Figure 1. Mean percentage accuracy (A) and reaction time (B) for healthy women (controls), women with a history of childhood sexual abuse and remitted major depressive disorder (CSA + MDD), and women with remitted MDD with no history of abuse (rMDD) in reward (A novel), punishment (B novel), and familiar (A-B) trials. Error bars indicate standard error.
Figure 2. Response-locked waveforms (testing phase) for healthy women (A), women with a history of childhood sexual abuse and remitted major depressive disorder (B), and women with remitted major depressive disorder with no history of abuse (C) averaged for all A-B familiar trials following correct responses (grey curve) and incorrect responses (black curve) at electrode position Cz. Negative values are plotted upward. ERN indicates error-related negativity.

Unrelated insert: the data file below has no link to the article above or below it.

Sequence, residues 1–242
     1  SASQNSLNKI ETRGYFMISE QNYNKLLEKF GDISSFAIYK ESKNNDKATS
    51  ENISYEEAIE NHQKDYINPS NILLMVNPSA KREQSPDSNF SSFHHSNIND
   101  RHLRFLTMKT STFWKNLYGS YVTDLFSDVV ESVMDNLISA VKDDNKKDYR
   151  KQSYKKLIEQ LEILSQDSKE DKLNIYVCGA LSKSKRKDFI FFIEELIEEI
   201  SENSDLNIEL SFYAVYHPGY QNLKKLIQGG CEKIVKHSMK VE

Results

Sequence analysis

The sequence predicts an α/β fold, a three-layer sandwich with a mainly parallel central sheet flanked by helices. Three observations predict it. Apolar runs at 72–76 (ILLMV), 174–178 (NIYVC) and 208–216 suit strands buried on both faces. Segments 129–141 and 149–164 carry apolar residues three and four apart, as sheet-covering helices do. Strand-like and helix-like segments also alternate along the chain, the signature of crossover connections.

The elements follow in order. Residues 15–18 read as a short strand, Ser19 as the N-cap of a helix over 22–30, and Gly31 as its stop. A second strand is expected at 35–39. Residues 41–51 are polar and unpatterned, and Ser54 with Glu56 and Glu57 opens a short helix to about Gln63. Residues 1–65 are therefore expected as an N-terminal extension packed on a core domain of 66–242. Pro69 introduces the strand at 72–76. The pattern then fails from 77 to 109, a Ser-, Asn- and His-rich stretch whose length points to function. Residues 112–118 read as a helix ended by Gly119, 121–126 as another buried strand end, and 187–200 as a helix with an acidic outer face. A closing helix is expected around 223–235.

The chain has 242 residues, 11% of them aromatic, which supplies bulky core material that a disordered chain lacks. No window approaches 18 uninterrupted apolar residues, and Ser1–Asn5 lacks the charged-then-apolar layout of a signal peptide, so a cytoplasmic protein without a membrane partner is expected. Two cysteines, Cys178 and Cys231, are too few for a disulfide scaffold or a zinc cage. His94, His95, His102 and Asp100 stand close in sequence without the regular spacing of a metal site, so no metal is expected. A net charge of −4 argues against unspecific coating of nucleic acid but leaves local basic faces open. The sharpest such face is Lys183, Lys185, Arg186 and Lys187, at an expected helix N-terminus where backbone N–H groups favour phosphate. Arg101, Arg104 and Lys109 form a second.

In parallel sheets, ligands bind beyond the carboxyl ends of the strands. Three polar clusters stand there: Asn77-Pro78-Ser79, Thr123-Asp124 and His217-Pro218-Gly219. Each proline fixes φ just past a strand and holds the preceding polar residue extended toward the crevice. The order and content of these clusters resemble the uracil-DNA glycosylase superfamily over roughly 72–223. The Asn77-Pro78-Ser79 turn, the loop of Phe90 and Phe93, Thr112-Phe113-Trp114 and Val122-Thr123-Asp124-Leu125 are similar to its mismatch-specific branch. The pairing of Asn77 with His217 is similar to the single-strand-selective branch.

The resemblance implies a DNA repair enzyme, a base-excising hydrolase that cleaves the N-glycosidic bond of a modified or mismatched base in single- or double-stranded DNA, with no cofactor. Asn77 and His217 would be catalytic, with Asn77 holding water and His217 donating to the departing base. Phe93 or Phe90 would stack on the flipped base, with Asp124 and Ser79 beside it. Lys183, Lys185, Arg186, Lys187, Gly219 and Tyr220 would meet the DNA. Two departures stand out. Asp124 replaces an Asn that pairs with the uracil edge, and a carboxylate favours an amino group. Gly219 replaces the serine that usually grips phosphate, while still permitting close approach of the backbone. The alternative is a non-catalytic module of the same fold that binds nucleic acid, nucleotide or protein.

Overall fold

Figure 3. Subgenual (Brodmann area [BA] 25) activation in A novel trials for healthy women (controls), women with a history of childhood sexual abuse and remitted major depressive disorder (CSA + rMDD), and women with remitted major depressive disorder with no history of abuse (rMDD). Less negative values denote a higher current density (ie, activation). Error bars indicate standard error.
Pechtel P, Pizzagalli DA. Disrupted reinforcement learning and maladaptive behavior in women with a history of childhood sexual abouse: a high-density eventrelated potential study. JAMA Psychiatry. Published online March 13, 2013. doi:10.1001/jamapsychiatry.2013.728.
eAppendix. Supplemental material
eFigure. Illustration of structurally defined anterior cingulate cortex regions of interest
eTable. Affective data (mean, SD) for women with childood sexual abuse and remitted depression (CSA+rMDD), remitted depressed women (rMDD), and healthy females
Pechtel P, Pizzagalli DA. Disrupted Reinforcement Learning and Maladaptive Behavior in Women With a History of Childhood Sexual AbuseA High-Density Event-Related Potential Study. JAMA Psychiatry. 2013;70(5):499-507. doi:10.1001/jamapsychiatry.2013.728